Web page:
from The American Heritage® Dictionary of the English Language, 4th Edition
- transitive v. To accuse of wrongdoing; charge: a book that indicts modern values.
- transitive v. Law To make a formal accusation or indictment against (a party) by the findings of a jury, especially a grand jury.
from Wiktionary, Creative Commons Attribution/Share-Alike License
- v. To accuse of wrongdoing; charge.
- v. To make a formal accusation or indictment against (a party) by the findings of a jury, especially a grand jury.
from the GNU version of the Collaborative International Dictionary of English
- transitive v. To write; to compose; to dictate; to indite.
- transitive v. To appoint publicly or by authority; to proclaim or announce.
- transitive v. To charge with a crime, in due form of law, by the finding or presentment of a grand jury; to bring an indictment against. It is the peculiar province of a grand jury to indict, as it is of a house of representatives to
from The Century Dictionary and Cyclopedia
- To compose; write: properly and still usually written indite (which see.)
- To appoint publicly or by authority; proclaim.
- To find chargeable with a criminal offense, and in due forms of law to accuse of the same, as a means of bringing to trial: specifically said of the action of a grand jury. See indictment.
- Synonyms Charge, Indict, etc. See accuse.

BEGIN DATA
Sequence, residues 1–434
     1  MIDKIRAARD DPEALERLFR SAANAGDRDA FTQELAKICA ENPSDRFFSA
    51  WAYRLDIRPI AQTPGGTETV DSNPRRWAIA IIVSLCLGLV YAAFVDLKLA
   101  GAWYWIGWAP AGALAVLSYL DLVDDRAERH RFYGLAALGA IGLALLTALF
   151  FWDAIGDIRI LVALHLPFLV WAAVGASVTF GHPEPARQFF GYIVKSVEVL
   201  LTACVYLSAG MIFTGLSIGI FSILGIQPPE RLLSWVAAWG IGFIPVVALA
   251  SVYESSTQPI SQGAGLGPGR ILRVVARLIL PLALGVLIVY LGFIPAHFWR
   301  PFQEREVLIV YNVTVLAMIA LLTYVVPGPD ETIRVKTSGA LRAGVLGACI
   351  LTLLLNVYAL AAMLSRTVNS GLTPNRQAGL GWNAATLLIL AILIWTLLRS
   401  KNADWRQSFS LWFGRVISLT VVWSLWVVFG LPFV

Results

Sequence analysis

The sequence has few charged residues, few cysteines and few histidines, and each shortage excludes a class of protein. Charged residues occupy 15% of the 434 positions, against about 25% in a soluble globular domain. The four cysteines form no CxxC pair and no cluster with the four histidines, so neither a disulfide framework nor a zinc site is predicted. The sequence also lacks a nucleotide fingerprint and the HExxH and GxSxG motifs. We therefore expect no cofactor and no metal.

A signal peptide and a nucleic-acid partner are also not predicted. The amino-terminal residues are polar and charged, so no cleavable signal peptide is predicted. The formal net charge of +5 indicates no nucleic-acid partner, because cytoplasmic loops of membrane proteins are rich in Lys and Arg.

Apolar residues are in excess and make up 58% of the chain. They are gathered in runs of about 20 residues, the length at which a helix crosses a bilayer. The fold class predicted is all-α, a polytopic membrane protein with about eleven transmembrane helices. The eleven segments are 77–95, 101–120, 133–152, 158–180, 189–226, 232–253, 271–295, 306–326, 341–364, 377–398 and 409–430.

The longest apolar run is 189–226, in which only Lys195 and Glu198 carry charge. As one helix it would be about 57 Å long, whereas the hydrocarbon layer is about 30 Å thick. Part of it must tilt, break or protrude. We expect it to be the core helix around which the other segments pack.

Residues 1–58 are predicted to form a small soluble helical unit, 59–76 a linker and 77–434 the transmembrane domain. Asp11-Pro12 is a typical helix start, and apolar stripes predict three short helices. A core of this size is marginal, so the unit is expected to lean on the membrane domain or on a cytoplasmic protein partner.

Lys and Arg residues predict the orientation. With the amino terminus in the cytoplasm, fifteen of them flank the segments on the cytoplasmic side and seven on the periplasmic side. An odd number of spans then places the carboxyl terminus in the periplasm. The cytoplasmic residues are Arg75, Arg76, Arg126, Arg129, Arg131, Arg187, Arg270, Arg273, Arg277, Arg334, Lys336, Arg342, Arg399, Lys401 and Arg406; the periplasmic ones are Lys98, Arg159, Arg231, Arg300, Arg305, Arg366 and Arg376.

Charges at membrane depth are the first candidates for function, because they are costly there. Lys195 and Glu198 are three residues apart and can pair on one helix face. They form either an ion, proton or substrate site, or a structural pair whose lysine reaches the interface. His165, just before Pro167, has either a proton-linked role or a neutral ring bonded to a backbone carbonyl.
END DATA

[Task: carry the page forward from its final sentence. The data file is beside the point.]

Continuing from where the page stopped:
from WordNet 3.0 Copyright 2006 by Princeton University. All rights reserved.
- v. accuse formally of a crime
To be sure, waiting on a decision to indict is an exquisite form of torture.
At least the word indict itself was not used by the panel which says it has no power to do so.
In a scenario where a consentual relationship is not implausible e.g. two people who frequent the same bar and knew each other in passing, or rape allegations based on "reconstructed memories" and there is no physical evidence or contemporaneous police report, the concern about a statute of limitation is very real, and I do not hold any comfort in the notion that a grand jury might fail to indict, which is more a theoretical than real possibility, if the prosecutor is at all persausive, and the evidence needed to defense oneself from otherwise unrebutted witness testimony might very well not be available.
It seems he wants them to "indict," "expose" and "speak," all of which are presumably forms of non-literary public expression.
I suspect he may have decided to take a course of action that will wound this administration such as indict Karl Rove and Stephen Hadley.
AIDS militants, meanwhile, maintained their propaganda barrage against Bush, issuing a declaration to "indict" the United States for "inhumanity."
Truth and Reconciliation Commission to "indict" the previous apartheid government for crimes against ordinary men and women.
The majesty of his indignation, fitly uttered in tones of superhuman power, made him able to "indict" a nation.
The Pima County Tea Party Patriots plan to "indict" the sheriff at their rally for "politicizing the shootings, blaming free speech for the crime without evidence, failing to protect Giffords, failing to recuse himself from the investigation, and embarrassing the community in front of the nation," according to the Arizona Daily Star.
And the candidate refuses to "indict" Nevada's K - 12 education system.